As I’ve argued in earlier blog posts in this series, ITIL provides a strong foundation for establishing problem management, particularly if it’s proactive. But, clear though the benefits are, problem management remains one of the most underused ITIL processes.
Many organizations say they would tackle problem management if they had the time, but I believe other challenges are often standing in the way. For example:
• Many organizations are used to implementing workarounds instead of looking for a permanent fix.
• Problem management requires a different approach, together with a mix of skills that are often lacking.
• Few IT organizations are able to attach a cost to problems, which means they can’t be truly proactive about problem management.
• Organizations are often unwilling to allocate the required resources (including a dedicated problem manager), time and tools.
To tackle these challenges, IT groups need to truly understand how problem management can reduce costs and contribute to business value. To do this, I believe they need to take three steps:
Understand the value of problem management. The objective is to prevent incidents from recurring, and minimize the impact when prevention is not possible. Incident management may be doing a great job providing fixes to end-users, but making time for problem management is the better route to customer satisfaction. For example, suppose laptop users get blocked from connecting to the internet because of a docked/undocked profile. Each incident may be quick to solve, but if it happens several times a month to a thousand people you’ve lost a lot of productivity.
Understand the cost of problems. Attributing costs will help in determining priorities for problem management. Although it is relatively easy to determine IT costs, calculating other costs, such as lost productivity/opportunities, can be more challenging. Your finance or accounts team should be able to help. Once the business is aware of the relative costs of problems, it becomes easy to decide which to tackle first. That will allow you to be truly proactive – and also to establish a case for appointing a dedicated problem manager if you haven’t already done so.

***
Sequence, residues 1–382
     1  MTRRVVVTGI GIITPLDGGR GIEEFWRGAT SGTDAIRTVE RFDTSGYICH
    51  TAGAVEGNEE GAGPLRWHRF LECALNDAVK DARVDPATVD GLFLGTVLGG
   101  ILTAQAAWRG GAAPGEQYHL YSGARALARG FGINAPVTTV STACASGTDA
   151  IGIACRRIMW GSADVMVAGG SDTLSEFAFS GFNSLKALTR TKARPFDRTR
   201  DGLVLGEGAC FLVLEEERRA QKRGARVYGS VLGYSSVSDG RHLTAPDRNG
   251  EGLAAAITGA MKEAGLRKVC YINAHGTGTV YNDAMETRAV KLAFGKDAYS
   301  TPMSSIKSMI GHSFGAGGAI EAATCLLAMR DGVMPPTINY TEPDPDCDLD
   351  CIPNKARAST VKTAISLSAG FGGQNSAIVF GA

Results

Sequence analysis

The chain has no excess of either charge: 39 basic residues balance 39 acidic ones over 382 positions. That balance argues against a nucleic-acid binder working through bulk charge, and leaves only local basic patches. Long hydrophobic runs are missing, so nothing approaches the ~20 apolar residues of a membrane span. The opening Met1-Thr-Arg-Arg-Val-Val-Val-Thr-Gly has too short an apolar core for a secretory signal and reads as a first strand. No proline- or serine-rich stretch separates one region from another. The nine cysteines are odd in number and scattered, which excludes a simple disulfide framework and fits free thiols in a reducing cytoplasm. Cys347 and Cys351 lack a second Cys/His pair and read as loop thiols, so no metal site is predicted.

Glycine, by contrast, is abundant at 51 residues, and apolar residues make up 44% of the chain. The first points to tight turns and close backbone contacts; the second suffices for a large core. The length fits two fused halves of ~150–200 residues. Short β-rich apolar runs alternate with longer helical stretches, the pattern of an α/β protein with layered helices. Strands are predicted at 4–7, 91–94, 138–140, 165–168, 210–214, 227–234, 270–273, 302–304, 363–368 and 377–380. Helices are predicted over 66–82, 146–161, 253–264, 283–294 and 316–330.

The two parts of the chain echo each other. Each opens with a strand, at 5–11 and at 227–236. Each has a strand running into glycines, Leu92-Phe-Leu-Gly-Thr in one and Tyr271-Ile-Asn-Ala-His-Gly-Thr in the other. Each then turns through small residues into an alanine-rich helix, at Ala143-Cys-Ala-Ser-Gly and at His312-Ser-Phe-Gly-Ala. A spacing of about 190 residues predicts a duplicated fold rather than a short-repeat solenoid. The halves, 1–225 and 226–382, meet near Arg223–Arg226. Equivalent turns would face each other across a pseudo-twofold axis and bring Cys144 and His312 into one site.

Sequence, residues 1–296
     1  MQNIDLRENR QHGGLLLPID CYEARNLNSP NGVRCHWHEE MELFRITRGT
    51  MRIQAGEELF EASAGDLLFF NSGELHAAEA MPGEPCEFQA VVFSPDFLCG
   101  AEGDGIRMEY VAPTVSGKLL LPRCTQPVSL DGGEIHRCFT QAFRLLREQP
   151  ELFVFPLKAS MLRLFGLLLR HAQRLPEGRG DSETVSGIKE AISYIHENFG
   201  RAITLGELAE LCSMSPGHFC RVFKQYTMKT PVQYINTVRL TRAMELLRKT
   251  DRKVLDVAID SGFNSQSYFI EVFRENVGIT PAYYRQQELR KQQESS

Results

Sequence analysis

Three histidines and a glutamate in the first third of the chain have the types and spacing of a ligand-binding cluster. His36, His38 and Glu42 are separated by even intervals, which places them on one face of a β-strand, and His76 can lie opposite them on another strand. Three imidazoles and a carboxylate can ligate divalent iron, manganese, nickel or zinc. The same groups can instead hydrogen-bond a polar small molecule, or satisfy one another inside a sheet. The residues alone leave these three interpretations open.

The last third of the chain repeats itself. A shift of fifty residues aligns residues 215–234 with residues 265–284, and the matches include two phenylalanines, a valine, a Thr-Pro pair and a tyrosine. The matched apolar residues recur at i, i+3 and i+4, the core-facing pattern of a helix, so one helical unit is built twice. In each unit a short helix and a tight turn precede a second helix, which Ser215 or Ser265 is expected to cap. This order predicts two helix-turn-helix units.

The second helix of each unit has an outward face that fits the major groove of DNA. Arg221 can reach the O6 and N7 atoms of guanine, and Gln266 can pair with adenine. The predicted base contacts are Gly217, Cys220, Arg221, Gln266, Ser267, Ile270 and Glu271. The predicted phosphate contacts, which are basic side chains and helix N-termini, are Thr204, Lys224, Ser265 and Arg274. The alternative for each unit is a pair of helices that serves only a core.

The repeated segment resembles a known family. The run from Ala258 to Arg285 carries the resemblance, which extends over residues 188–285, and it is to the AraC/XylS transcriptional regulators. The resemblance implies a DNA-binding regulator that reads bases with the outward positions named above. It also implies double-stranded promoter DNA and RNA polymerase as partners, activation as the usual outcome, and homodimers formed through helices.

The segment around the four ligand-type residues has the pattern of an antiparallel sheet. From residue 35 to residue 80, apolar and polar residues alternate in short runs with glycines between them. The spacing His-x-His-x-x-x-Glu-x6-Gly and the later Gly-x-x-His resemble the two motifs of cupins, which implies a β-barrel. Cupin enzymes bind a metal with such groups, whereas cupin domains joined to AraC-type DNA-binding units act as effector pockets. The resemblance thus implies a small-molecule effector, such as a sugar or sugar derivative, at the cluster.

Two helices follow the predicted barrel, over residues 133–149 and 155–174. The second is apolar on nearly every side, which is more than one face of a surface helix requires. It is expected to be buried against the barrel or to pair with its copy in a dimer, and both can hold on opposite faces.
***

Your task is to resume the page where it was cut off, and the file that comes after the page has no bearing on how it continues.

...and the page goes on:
Understand the customer’s perspective. When you understand the user perspective, it becomes easier to identify the impact of problems on the business. And with dialogue between service desk and business flowing freely, you’re likely to identify opportunities for service improvements that may never have been requested at all. For example, your marketing team might be experiencing a high bounce-back rate on email campaigns, which could be reduced by improving the quality and validation of data.
For help in viewing these issues from the customer perspective, take a look at the Universal Service Management Body of Knowledge (USMBOK) . This companion piece to ITIL approaches problem management from the perspective of the customer, using language and principles the business will immediately identify with.
Watch out for my next blog post, which will share our top 10 tips for implementing problem management.
If you’d like to know more you can also download our Smart Guide to discover what every Service Desk Manager must know about Problem Management.